Common Sense Supports Congress' Push to Reform Medical Device Approval Process
A new bill, HR 3847, has been pending in the House since February. Its purpose is to give the FDA enhanced authority when approving new medical devices. Specifically, it would permit the FDA to reject a manufacturer’s application for a new medical device that is designed or modeled on a previously recalled medical device. Doesn’t common sense support this premise? Logically, one would believe that any medical device that is designed and predicated on an earlier recalled medical device would be problematic - raising questions about safety. One would assume that new medical devices designed and predicated on earlier recalled devices would not be cleared or approved for use in patients. However, that is not the case.
Many medical devices on the market today are cleared through the FDA’s 510k process. This process allows a manufacturer to seek clearance by claiming the new medical device is substantially equivalent to an earlier cleared medical device. Ironically, the new devices are cleared even if they are modeled on earlier devices that were subject to recall because they harmed patients.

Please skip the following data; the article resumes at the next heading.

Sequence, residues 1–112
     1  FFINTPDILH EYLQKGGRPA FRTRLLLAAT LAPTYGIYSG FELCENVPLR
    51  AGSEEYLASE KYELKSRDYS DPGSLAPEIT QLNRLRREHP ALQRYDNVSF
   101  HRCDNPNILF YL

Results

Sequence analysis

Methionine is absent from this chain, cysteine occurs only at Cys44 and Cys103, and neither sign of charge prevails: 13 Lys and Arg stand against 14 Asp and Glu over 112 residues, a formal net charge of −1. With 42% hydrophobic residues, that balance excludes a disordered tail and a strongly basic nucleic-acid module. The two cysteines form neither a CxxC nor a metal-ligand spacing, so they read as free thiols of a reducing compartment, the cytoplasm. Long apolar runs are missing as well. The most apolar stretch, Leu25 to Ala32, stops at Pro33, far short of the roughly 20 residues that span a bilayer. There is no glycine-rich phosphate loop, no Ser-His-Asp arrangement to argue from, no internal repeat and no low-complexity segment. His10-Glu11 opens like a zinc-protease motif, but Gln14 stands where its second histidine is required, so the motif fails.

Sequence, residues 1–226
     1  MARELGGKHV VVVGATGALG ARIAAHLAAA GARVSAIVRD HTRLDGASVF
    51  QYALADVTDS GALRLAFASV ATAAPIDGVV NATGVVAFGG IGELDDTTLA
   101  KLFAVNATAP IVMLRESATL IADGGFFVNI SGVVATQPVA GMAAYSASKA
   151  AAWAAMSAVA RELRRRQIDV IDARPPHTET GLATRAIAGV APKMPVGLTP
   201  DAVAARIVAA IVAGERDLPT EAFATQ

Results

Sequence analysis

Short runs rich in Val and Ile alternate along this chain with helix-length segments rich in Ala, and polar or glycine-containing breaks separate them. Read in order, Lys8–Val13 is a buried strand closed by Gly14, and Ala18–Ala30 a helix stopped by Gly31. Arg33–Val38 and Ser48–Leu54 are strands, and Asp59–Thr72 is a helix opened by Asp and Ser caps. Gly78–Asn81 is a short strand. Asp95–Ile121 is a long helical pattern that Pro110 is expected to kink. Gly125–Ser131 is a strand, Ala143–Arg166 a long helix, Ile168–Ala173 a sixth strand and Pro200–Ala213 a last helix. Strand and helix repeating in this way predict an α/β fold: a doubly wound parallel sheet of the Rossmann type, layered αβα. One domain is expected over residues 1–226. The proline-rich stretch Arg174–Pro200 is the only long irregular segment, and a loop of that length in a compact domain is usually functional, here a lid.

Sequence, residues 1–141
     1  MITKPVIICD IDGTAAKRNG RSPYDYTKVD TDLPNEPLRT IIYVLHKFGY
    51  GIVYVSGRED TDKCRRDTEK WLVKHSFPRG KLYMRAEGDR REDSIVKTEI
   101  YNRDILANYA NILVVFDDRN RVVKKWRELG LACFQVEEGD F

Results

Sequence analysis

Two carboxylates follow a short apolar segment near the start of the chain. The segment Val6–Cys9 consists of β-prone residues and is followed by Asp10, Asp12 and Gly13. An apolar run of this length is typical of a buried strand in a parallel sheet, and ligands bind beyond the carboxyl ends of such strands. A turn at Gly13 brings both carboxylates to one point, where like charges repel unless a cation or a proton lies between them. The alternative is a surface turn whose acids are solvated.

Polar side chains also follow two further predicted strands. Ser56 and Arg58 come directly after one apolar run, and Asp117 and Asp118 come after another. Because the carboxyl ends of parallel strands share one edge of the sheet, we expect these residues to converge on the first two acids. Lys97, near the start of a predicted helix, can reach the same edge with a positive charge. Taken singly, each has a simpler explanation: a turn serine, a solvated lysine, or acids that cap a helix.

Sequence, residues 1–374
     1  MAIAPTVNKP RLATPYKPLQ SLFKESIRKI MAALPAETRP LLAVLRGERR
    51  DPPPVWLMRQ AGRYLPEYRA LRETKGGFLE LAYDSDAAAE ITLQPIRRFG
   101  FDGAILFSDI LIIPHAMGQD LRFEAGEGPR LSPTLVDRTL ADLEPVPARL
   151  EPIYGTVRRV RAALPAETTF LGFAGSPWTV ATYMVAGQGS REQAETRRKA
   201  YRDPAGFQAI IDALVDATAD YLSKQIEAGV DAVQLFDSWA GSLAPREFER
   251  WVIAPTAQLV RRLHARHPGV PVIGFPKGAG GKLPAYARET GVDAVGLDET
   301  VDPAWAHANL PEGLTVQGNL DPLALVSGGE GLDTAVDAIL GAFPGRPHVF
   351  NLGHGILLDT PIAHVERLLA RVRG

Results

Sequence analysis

A number of transvaginal surgical mesh products are designed and predicated on previously recalled products. One specific product is Protogen mesh used to correct pelvic organ prolapse. It was approved in 1997 and recalled two years later because it harmed patients. Despite this fact, since 1999 numerous transvaginal mesh products modeled after Protogen were cleared through the 510k process. If this proposed law was in place then those products would not be on the market today and many women would not have been harmed.
Common sense along with the FDA’s July 2011 safety alert about the various mesh products supports passing this new law.